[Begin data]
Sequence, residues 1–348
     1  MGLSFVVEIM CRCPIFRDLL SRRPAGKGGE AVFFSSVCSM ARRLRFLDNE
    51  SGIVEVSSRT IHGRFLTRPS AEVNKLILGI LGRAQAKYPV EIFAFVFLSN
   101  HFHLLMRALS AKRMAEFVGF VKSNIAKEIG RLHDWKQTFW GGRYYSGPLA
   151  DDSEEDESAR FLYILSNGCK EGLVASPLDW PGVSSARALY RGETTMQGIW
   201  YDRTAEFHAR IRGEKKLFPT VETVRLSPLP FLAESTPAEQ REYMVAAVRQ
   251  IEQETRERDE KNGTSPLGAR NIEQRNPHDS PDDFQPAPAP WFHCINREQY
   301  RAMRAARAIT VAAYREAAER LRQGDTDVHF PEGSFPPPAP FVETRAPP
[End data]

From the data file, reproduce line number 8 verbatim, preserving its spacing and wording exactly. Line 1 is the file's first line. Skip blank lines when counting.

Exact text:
   301  RAMRAARAIT VAAYREAAER LRQGDTDVHF PEGSFPPPAP FVETRAPP